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a hereditary disease caused by an inborn error of metabolism that results from an enzyme disorder.
An enzymopathy may be caused by the absence of an enzyme, a decrease in an enzyme’s activity, or the absence or incorrect synthesis of a coenzyme. Each of these abnormalities leads to a specific metabolic disorder and determines the clinical picture of the given enzymopathy. For example, abnormal metabolism of carbohydrates may be manifested by diabetes mellitus or galactosemia, abnormal metabolism of fats, by Tay-Sachs disease or Niemann-Pick disease, and abnormal metabolism of amiho acids, by alkaptonuria or albinism.
There are approximately 500 types of enzymopathies, of which many types are polymorphic and heterogeneous. In heterogeneous enzymopathies, anomalies of the genes that regulate the interaction of enzymes can have identical manifestations, since the enzymes that control different biochemical reactions often produce an identical metabolic result. Most enzymopathies are transmitted by autosomal-recessive inheritance.
Some enzymopathies, such as phenylketonuria, may be detected by proximate analysis during the first few days of life. Early diagnosis often facilitates the normalization of metabolism through diet, through the introduction of a needed substance into the body (replacement therapy), through hormone therapy, or through elimination of the excess metabolites that disrupt metabolism.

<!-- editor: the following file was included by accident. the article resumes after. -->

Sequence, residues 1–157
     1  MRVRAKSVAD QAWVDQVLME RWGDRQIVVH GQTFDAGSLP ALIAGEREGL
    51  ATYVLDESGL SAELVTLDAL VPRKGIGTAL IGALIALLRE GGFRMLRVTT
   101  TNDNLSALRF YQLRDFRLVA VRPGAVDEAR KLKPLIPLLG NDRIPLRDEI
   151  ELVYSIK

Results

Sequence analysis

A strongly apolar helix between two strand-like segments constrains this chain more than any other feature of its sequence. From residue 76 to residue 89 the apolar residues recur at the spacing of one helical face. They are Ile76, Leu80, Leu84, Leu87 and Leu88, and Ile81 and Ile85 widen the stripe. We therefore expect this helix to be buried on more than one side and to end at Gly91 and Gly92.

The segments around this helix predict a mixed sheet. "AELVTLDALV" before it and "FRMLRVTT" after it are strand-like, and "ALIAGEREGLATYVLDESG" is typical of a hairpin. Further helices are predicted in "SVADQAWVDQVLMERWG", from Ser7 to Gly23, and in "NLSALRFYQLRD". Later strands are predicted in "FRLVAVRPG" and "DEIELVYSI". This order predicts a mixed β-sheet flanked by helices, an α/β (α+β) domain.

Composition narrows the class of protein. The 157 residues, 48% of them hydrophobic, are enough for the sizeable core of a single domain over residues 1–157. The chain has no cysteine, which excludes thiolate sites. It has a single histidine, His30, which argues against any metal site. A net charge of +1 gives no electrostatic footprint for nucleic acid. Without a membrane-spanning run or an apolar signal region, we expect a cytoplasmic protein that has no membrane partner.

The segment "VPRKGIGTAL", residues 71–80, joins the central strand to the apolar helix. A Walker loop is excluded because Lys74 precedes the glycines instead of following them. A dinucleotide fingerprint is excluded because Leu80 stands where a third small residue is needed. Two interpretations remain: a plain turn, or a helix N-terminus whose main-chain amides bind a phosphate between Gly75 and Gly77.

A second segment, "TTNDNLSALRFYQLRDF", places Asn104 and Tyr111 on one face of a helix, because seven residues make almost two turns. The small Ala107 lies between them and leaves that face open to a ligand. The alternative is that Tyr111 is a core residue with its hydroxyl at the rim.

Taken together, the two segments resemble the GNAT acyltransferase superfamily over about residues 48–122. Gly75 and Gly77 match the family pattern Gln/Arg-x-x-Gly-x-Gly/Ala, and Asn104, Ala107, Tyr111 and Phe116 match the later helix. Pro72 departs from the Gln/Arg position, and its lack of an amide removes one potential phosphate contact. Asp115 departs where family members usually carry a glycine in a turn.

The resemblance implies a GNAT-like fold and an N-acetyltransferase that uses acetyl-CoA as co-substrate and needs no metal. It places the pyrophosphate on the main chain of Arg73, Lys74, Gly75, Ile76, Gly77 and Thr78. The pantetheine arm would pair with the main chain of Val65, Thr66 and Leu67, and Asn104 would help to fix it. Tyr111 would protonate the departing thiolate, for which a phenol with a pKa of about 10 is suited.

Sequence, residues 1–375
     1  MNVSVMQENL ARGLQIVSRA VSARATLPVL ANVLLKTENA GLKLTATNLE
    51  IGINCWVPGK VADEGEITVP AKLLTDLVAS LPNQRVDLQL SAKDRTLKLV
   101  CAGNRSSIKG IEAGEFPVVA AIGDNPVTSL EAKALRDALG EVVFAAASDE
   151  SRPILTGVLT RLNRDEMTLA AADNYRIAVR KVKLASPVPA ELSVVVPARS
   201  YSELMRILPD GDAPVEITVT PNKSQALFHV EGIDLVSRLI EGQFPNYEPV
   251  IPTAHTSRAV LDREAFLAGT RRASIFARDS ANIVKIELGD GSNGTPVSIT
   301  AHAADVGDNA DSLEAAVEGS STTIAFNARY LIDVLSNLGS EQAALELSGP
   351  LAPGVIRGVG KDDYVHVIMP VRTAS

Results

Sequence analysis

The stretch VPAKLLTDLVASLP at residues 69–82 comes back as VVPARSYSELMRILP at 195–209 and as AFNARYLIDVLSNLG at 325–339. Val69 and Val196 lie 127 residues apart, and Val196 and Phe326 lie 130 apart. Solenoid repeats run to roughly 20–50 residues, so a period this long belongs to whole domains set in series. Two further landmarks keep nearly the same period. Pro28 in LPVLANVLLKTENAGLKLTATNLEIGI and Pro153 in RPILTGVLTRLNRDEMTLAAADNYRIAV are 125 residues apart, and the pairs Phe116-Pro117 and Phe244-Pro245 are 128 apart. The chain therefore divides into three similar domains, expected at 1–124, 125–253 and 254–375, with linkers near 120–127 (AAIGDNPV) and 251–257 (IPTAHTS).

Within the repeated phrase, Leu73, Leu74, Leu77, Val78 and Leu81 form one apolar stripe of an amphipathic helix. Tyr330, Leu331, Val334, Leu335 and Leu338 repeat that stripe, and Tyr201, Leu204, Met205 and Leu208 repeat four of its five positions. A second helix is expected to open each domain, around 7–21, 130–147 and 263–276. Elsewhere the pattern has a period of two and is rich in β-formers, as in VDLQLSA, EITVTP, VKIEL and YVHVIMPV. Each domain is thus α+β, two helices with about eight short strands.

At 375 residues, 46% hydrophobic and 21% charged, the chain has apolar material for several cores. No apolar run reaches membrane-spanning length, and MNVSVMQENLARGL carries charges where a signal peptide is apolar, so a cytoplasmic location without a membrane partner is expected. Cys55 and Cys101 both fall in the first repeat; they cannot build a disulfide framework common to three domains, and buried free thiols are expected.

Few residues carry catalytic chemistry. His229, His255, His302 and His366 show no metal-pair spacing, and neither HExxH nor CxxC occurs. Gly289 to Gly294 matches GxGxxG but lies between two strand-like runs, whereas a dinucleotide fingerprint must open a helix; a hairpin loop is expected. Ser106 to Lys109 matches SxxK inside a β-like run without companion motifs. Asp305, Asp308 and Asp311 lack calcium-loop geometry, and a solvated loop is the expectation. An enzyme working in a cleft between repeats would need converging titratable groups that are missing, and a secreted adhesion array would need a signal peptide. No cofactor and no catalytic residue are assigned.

The technique of amniocentesis is a promising means of diagnosing enzymopathies. Medicogenetic consultation is an increasingly important means of preventing enzymopathies.
REFERENCESBadalian, L. O., V. A. Tabolin, and Iu. E. Vel’tishchev. Nasled-stvennye bolezni u detei. Moscow, 1971.
Harris, H. Osnovy biokhimicheskoi genetiki cheloveka. Moscow, 1973. (Translated from English.)
Howell, R. R., and C. M. Moore. “Prenatal Diagnosis in the Prevention of Genetic Disease.” Texas Medicine, 1974, vol. 70, no. 5, pp. 77–84.